Kean Wilcox

It's funny where the art work takes you sometimes. My dad was a machine gunner with the First Marine Division during World War II. He fought the Japanese all through the Pacific island campaigns until severe wounds sent him home for good after fighting on the Island of Peleliu. He never fully recovered emotionally or physically from his experience, and didn't live to see his 50th birthday. To this legacy I added my own experience in the Marine Corps and Vietnam where I served for 19 months during 1968 and 1969. Since that time I have been making photographs about things that I have noticed along the road of life. Around 1977 I began to study and collect original photographic portraits from the American Civil War period. Favorite images included heavily armed young men brandishing weapons and posing proudly for the camera in their fresh new uniforms. If there was an American flag in the background, that was even better. Dozens of images from my collection have been published over the years. Without really being conscious of it, photography and guns have been central themes in my life for a long time. I always thought my own photographs were personal, but in many ways they weren't because few of them dealt with that central theme of how guns have affected my life. It isn't an easy theme to photograph.

In the summer of 1994 I was enjoying a visit to the American Museum of Consumerism and Pop Culture (most people know it as WAL-MART) and found myself fascinated by the displays in the Action Figures and Doll Departments. I began making acquisitions almost immediately, and found myself in the studio making photographs about gender stereotypes, sexual role models, weapons, and other things that GI Joe and Barbie so clearly represented. These photographs are also about me, though. I don't own a gun, and I haven't fired one since being discharged from the Marines, but there isn't a day since my Vietnam experience that I haven't thought about guns. Too many of my friends died for me not to think about it. There have been plenty of new experiences to keep me thinking about guns since then. And hey, how about that Gulf War, huh? The nation sure cleared the books with that one. So soldiers are heroes after all. So guns are useful tools. Let's get the women in on it. Why should GI Joe and his Team have exclusive access to weapons. Let's arm Barbie, Ken and friends as well. Let's get little girls and boys playing war. A little style is what we need in the theater of combat, and if we can get the kids thinking about war early enough, they'll all be ready when their time comes. Gi Joe has an incredible arsenal of weapons to choose from. He is just like us real people.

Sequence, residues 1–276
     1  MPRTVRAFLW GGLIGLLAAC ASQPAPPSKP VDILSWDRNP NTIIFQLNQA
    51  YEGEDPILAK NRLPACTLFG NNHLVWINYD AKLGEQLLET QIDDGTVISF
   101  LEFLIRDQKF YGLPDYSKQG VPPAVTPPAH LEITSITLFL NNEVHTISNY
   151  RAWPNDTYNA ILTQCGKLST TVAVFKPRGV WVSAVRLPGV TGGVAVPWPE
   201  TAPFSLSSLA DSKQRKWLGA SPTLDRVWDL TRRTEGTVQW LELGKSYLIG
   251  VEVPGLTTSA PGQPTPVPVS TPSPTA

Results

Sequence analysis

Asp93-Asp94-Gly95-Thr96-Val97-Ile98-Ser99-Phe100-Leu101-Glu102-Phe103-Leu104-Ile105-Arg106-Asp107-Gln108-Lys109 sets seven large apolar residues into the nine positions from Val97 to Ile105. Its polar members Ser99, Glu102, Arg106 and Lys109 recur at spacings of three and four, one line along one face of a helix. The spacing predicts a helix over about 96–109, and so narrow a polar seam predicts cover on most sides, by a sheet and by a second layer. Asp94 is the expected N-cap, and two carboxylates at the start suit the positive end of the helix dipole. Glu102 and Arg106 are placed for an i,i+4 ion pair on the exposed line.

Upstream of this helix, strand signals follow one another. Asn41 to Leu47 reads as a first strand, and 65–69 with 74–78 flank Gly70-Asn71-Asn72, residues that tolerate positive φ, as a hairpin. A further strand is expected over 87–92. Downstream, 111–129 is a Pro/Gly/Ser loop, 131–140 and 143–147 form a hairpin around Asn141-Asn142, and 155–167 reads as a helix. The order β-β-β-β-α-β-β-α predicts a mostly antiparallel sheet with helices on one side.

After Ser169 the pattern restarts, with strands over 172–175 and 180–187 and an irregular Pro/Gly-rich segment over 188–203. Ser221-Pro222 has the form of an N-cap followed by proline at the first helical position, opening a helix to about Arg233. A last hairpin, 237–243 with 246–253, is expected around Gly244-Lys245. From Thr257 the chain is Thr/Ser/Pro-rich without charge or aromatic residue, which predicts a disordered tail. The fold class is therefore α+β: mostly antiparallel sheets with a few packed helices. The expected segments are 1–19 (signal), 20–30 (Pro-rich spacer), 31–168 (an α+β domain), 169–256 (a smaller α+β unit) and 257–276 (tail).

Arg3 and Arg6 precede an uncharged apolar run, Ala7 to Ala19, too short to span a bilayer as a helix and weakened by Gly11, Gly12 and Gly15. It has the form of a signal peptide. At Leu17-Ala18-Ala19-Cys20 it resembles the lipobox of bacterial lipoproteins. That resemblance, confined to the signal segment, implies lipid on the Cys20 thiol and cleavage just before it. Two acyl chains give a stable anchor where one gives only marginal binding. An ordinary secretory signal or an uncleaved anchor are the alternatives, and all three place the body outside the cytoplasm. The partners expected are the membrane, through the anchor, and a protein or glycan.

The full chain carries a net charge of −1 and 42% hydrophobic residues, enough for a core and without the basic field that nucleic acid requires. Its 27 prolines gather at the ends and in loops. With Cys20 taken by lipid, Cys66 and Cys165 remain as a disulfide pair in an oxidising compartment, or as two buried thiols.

America has a long legacy with the gun. It is our right to own one. Photography has played a role in maintaining that legacy. I think about kids and guns and war. Guns have affected me and my life profoundly. I think about being a man. I worry about the future for all of us and what role the gun will have in the world to come. My photographs are about all of those things.

Kean E. Wilcox
Pullman, Washington

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